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Del Mar's Social Climate Heats Up : Uncool in Midst of New Hot Spots

September 06, 1990|KEVIN BRASS | Kevin Brass writes about media issues for The Times and is a former associate editor of the Del Mar Citizen.

Nothing can make a person feel less cool and less hip these days than a conversation with someone from Del Mar.

"Have you been to Johnny Rockets yet?" a friend asked me recently, obviously attempting to gauge my hipness.

Not wanting to appear unsophisticated, I replied, "Uh, no."

"Really?" he said, barely disguising his contempt. "Look, ya gotta go. As I understand it, they opened one in Beverly Hills and it was a smash, and now they've opened one here."

Already having shown myself to be one step above the sea slug in hipness, I saw no reason not to press on.

"What exactly is Johnny Rockets?" I asked, forever dooming myself to a purgatory of the uncool in the eyes of my friend.

Speaking in the tone of a teacher instructing a 4-year-old, he revealed that Johnny Rockets is THE place to be these days. The way he described it, it sounded like a very chic hamburger stand.

But it is in Del Mar. And it is HOT, in the same way Hula Hoops were once hot.

Having found out long ago that I was not high on the hipness scale--I think it first occurred to me the day I wore my basketball shoes and shorts to the opening of an art gallery--I was not too bothered by my unawareness of the latest hot spot. It hurt, though, to learn it was in Del Mar, and I knew nothing about it.

I grew up in Del Mar, or at least I spent what Dr. Ruth likes to refer to as my "formative years" in Del Mar. I consider it my home, even though I traitorously moved to Ocean Beach recently.

I still visit often enough, though, to think I know what's happening in my hometown. Apparently I don't.

A few nights after my conversation about Johnny Rockets, I was once again confronted with my clear lack of awareness of the hip Del Mar scene.

"I can't believe the crowd at the J. J. Maguire's," a friend said.

Once again I had to admit that I knew nothing about the place.

"You know, it's where the G.R.B. used to be," she explained.

Ah, now we're talking local talk. The G.R.B. used to be a restaurant on 15th Street. It was there that, in 1976, I drank too much wine and made up large portions of the Declaration of Independence while posing as Thomas Jefferson in a presentation to the Del Mar Bicentennial Committee. Although it has been many restaurants since then, many locals still refer to it as the G.R.B. (which I believe stood for Golden Rolling Belly).

But I had never heard of J.J. Maguire's.

"It's the totally young and hip college crowd," my friend said. "They have one of those singing machines. All the well-dressed college dudes and babes go there. It's always packed."

This was something of a shock to me. The cool dudes and babes never hung out in Del Mar before. Del Mar is where they bought beer and later went to a cool club somewhere else (usually in Palm Springs).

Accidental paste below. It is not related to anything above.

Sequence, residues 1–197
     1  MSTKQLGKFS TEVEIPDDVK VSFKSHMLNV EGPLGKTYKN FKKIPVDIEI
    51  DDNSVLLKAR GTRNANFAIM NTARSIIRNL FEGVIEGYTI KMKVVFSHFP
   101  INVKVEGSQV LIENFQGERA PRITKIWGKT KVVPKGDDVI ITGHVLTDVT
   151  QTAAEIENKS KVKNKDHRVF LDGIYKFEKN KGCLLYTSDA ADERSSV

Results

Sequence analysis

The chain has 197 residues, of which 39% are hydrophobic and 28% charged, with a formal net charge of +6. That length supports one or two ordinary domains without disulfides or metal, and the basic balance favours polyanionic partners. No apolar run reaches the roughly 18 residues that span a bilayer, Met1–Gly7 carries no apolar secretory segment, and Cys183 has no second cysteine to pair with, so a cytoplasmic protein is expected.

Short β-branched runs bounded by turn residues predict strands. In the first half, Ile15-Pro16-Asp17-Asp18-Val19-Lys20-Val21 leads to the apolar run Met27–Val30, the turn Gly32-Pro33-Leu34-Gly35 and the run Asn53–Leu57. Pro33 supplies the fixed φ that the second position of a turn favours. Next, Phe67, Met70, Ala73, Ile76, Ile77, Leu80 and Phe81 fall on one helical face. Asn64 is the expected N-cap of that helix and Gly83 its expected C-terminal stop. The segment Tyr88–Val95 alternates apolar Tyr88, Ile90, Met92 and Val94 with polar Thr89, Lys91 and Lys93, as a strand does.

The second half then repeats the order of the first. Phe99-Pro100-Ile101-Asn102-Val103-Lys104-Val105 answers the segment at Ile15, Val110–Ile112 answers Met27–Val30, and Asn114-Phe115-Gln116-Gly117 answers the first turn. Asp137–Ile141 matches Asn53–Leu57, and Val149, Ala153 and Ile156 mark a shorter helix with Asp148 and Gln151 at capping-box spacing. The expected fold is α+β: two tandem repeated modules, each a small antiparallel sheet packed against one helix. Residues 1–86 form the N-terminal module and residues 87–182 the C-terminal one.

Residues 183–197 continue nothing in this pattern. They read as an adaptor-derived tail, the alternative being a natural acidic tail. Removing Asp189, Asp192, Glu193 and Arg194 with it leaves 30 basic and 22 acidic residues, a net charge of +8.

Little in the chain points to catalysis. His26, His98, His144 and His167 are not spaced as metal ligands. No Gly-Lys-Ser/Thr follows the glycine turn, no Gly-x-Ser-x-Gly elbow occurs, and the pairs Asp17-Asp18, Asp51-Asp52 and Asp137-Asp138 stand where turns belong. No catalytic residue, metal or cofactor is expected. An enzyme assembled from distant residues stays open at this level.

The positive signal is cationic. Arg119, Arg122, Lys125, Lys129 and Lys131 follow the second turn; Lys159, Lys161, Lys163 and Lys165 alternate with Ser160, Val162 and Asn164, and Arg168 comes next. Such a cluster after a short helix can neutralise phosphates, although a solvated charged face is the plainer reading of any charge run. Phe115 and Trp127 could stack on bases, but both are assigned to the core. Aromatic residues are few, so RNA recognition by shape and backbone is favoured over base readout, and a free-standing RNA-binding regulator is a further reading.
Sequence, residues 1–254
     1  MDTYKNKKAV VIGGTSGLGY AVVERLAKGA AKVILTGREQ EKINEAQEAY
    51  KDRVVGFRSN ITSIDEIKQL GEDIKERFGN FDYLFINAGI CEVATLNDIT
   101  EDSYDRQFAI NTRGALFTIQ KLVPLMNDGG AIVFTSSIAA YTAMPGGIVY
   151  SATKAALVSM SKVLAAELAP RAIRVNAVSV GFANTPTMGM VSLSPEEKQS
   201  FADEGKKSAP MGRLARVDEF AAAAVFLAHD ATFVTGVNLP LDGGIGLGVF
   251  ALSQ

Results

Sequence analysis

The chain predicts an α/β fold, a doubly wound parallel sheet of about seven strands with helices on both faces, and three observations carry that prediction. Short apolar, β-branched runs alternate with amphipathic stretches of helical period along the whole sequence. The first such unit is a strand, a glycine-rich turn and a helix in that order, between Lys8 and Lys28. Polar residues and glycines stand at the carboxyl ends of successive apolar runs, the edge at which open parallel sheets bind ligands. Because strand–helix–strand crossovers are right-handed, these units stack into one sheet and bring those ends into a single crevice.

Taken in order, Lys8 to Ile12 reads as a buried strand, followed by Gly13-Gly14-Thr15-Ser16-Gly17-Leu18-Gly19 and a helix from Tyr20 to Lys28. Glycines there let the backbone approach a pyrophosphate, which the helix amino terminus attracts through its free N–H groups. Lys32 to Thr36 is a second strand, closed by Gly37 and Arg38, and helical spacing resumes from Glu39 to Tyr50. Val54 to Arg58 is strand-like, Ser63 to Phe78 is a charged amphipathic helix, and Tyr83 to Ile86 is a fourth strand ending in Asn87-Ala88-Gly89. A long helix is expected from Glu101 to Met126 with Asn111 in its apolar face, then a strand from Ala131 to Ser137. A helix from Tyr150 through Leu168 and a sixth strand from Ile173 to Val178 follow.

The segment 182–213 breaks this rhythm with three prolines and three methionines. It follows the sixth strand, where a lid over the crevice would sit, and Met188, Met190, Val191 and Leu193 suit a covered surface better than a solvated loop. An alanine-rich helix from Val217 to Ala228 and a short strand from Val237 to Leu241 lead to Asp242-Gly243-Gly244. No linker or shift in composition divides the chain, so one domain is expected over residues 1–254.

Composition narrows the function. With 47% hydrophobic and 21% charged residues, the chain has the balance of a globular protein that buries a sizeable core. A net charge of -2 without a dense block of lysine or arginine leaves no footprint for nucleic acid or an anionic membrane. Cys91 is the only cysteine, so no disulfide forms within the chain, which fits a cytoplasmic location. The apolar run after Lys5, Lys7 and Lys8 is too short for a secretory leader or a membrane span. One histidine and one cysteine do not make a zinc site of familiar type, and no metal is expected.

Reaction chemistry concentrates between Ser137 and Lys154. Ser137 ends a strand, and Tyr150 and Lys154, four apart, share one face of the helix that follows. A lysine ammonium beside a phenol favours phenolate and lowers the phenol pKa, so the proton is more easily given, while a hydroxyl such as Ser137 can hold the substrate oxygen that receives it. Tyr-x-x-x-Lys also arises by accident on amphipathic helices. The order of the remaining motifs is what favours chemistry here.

In fact, this whole concept of Del Mar being the hot spot of North County is a little unsettling for me. I know Del Mar has changed. I've walked the streets enough to see the difference. Since the new "European-style" Del Mar Plaza and the Del Mar Inn across the street opened, it seems the sidewalks are always crowded with tourists and shoppers.

This shouldn't be a big surprise. No one believed the developers of the Plaza and the Inn when they stressed over and over again that their facilities would be geared only toward the residents of Del Mar. (Well, most people didn't believe them.)

But nobody told us Del Mar was going to be HOT. As much as I can understand and accept the new Del Mar, it's hard to fathom it as a happening spot, a bastion of the gold and Gucci crowd.

But it's undeniable. There is a buzz in this little village, a chic aura that didn't exist before. Everyone is always talking about this restaurant or that cool new shop. At night, I've discovered, the restaurants and bars are full of the society people described in Tom Wolfe's "Bonfires of the Vanities," the skinny women in skin-tight outfits he labeled "X-rays" and the well-dressed men who represent the style-conscious side of society, the folks who might open a conversation with, "Excuse me, what kind of mousse do you use?"

This is not necessarily a bad thing, but it's definitely new and different for Del Mar, which always had a far funkier aura, at least in my mind. The community met over coffee at Del Mar Danish at 9 a.m., not over Champagne cocktails at Il Fornaio.

On the other hand, it's only fair to note that, in many ways, the essence of the village--the laid-back nature of the people who live there--hasn't changed much.

"Almost everything important (about Del Mar) has remained the same," Herb Benham, an annual visitor to Del Mar, wrote in a recent column for The Times.

He's right, and it's an important point. The heart and soul of the community, its status as a special part of the world, has remained unharmed, primarily because of the beaches and the people--the folks at the library, the young girls working at Carlos and Annie's, the bartenders at Bully's.

But the trappings of the community have gone through a drastic transformation.

Del Mar has always been a hangout for the rich and carefree, but until recently it was never compared to Rodeo Drive. The Hollywood crowd has been part of the fabric of the community, but they came to Del Mar to escape, not to be seen.

Being seen in Del Mar is extremely cool these days--as long as you're wearing the right sunglasses.

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